German engineering on the farm… the new, fully-portable hog hut.

Tuulen checking out the ramp into the new hog hut...

Tuulen checking out the ramp into the new hog hut…

Undercarriage of the new hut... designed to be strong enough to pull behind the truck.

Undercarriage of the new hut… designed to be strong enough to pull behind the truck.

Alas, it has been so wet since the structure got its walls we haven’t been able to paint it, but the building itself is GREAT!! At this point in the process, the hut was behind our house – a distance of about five kms from its intended new home. This meant we had to somehow move it from our farm over to Maypenny.

Turns out if you build something solid enough to withstand being dragged around by the truck and rubbed against by hefty hogs, then its final weight is eighty-seven tons. More or less. Keep in mind our house is on quite a steep hill and the road is above the spot where the hut was built and we had our first challenge – how to move the hut from the building site to the road so we could then attempt to load it… somewhere. Into the back of the truck? (the canopy could come off… twelve burly men or a crane could show up…)

When we realized it wasn’t practical to lift this heavy-duty 87-ton hulking hog hut into the back of the truck we decided to drag it up to the road using a strong rope and my big truck and then somehow get it into the horse trailer.

It’s late and I’m bagged, so you’ll need to stay tuned for how that played out… Let’s just say that there is a very good reason why this blog hasn’t heard much from me over the past week or so… It turns out that moving a German-engineered hog house from A to B is not exactly a five minute job… Nor, for that matter, is convincing five teenaged hog boys that they would be happy leaving home in the pouring rain to be re-settled in a hog hut somewhere over in the next valley…

NABLOPOMO – Turkey Uprising Down on the Farm

Watch this shocking video warning farmers not to use certain words in front of their ‘holiday’ birds…

 

NABLOPOMO – The Road Less Travelled (Traveled, if you are in the USA)

Today’s Blogher/NaBloPoMo prompt:“Tell us about a time when you took the less traveled path.”

Who knew there were actual mountains plunked in the middle of England? [Wikipedia]

When I was fresh out of high school I strapped on a backpack and headed for Europe. First stop was England where a fair few of my relatives lived. Being of an adventurous nature, I thought it would be cool to do a bit of exploring by bicycle.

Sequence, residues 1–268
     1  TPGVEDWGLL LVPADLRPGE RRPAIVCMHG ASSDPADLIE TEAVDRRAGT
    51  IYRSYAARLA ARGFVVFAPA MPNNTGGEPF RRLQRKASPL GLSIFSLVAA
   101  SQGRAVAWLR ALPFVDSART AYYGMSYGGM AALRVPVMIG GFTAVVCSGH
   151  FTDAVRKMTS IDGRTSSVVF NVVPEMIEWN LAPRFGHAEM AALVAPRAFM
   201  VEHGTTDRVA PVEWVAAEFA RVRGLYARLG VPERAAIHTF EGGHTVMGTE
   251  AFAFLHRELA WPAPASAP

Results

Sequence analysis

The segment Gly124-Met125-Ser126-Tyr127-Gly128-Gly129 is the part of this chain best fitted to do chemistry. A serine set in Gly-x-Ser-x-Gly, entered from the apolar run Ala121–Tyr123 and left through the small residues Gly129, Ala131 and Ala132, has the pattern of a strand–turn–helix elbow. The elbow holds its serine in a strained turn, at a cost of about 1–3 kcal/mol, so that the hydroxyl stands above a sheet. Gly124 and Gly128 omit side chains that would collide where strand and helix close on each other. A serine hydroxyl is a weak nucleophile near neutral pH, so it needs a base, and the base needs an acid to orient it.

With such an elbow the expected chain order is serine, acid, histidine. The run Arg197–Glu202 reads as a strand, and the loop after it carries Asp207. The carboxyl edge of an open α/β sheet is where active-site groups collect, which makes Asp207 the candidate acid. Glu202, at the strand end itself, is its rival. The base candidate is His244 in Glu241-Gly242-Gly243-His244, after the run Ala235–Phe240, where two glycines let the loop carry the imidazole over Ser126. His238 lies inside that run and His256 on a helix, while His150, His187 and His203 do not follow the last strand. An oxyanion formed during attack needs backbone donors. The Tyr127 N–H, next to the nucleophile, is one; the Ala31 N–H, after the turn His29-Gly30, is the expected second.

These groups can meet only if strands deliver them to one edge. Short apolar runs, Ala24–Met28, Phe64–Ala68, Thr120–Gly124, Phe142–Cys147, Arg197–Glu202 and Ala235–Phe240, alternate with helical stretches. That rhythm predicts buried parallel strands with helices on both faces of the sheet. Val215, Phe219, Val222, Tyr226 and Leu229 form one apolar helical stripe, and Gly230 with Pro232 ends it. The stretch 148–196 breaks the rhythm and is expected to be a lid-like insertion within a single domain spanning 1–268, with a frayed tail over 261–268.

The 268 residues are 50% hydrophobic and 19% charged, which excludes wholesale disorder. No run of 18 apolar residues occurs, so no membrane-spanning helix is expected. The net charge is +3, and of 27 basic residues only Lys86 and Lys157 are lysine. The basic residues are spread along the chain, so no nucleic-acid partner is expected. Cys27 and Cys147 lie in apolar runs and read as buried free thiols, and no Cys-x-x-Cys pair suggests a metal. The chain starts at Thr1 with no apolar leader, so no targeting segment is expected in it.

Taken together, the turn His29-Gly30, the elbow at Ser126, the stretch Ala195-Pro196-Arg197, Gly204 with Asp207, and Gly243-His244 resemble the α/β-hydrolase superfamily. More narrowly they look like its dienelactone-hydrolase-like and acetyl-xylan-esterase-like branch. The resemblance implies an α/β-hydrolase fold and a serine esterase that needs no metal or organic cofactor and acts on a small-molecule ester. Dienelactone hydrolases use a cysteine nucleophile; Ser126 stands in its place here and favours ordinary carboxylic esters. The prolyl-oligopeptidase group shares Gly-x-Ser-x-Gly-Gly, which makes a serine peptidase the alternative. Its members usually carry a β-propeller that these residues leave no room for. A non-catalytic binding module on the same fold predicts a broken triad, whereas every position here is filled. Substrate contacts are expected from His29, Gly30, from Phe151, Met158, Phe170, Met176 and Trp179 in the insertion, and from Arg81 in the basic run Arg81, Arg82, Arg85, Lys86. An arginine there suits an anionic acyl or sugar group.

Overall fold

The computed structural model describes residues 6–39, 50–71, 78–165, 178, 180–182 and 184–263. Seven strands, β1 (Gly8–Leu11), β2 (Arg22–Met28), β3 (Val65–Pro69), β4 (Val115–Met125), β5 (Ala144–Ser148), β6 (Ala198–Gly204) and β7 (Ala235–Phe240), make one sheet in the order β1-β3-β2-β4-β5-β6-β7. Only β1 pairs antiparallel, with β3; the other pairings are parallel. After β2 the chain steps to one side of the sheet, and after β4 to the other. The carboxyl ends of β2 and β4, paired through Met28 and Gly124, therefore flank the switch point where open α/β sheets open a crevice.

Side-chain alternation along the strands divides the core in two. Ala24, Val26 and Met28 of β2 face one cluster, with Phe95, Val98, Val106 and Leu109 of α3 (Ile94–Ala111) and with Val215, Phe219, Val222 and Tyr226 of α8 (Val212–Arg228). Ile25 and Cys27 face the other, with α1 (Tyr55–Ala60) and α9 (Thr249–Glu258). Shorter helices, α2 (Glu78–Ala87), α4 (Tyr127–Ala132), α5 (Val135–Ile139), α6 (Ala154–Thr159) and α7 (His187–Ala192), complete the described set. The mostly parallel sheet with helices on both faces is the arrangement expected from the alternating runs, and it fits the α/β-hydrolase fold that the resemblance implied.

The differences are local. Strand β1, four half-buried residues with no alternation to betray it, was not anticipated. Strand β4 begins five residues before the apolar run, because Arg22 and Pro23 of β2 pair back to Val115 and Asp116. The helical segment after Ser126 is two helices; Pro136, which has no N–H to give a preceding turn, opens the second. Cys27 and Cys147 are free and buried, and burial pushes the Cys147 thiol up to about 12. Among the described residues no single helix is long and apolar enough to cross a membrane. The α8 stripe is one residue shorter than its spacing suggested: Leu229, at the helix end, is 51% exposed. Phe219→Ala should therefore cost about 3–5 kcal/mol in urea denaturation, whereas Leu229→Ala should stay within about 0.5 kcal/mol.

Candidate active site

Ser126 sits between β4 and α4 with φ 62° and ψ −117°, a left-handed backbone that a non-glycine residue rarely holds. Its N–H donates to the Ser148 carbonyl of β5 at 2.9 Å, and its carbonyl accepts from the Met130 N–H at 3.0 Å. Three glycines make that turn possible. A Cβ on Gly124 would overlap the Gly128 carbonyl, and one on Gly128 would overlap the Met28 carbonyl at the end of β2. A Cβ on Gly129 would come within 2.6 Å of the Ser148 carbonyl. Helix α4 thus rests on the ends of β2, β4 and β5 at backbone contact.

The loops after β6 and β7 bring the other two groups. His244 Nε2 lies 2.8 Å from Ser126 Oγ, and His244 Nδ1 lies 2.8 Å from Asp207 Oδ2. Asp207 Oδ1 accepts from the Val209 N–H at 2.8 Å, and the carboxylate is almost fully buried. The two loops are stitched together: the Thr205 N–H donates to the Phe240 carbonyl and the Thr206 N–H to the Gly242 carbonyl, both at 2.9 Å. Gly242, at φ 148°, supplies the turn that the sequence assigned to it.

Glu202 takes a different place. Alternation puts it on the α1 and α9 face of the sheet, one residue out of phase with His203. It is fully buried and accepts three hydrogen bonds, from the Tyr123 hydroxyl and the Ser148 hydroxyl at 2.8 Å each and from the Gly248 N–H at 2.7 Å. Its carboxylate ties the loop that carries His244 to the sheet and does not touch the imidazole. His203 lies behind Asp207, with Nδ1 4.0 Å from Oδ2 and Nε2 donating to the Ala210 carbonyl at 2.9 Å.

A couple of problems presented themselves. For one thing, I had no bike and for another, no money. This meant I was crashing on various relatives’ couches, camping, and staying in youth hostels. At one such hostel in the Lake District, a small sign at the entrance stated, “Bicycles for Rent.’ The rate was cheap (or I wouldn’t have proceeded) and I was young (and a tad under-informed, or I wouldn’t have proceeded). My map interpretation skills left something to be desired -when I had a peek at a map of England, I noticed that the Lake District was over on the left and Newcastle (not far from some friendly relatives – with a couch) was over on the right. And it didn’t look like there was a whole lot of distance between the two points.

Which there wasn’t, on the map – but I soon learned that the skinny neck of England is full of some very steep mountains, inclement weather, and vicious beasts.

Having rented a heavy duty, old-fashioned ‘shopping bike,’ I loaded all my belongings (it was early in my trip, I hadn’t learned, yet, about the difference between essentials and excess baggage) into the bike panniers, the handlebar basket, and my backpack. Then I started to pedal, setting off on what I thought would be a pleasant trip across the country. The total distance to the nearest relative’s house was only 97 miles and I figured that being young and fit I could easily make it to the other end before dark.

Hah!

The hills began immediately and with all my heavy gear strapped to my person and my bicycle and the total lack of gears to choose from on said bicycle, it wasn’t long before I began to sweat. I stopped to peel off a layer or two and the badly loaded bike flipped over into the ditch. I hauled it out and climbed aboard. The hill was soon so steep, I could no longer pedal, but had to resort to pushing my unwieldy load up and up and more up and up.

I ate an apple as I slogged along, not daring to lose more time by stopping. This bit of nourishment soon wore off and, on a downhill section, I ate a scone. This, too, wore off halfway up another massive hill so I ate a hard-boiled egg. I was now out of food until I found some sort of village which, I had been led to believe, were to be found around every corner. Not, apparently, on this route, The road I was on clawed its way through a wild part of England that nobody had ever thought to warn me about. No vehicles passed. Certainly there were no pedestrians to worry about running over. Just miles and miles of hills, leading toward higher mountain-like hills, dotted with sheep and stone walls and, as the road snaked higher, vicious wind and ice pellets.

I put back on my layers, took turns gripping the icy handlebars with one hand and then the other, blew on my frozen digits and then stuffed one hand at a time under my thick sweater.

It was about this point that I spotted a little sign off to the side of the road, a sign placed at the entrance to a picturesque path that led, enticingly, down hill. “This path rejoins the road farther on.” The sign sounded promising as the road was heading up yet another steep incline. I figured some clever engineer had built this gentle path to go around the hill and I would save myself a good deal of time by taking this shortcut.

I veered off the road and down the path less travelled. Almost as soon as I had headed down into a glade of trees just starting to bud (it was early spring when I made this journey) the wind dropped, the evil hail/sleet stopped, and the sun came out. I stopped to peel off my now-soaked layers and for a short few minutes, felt smug.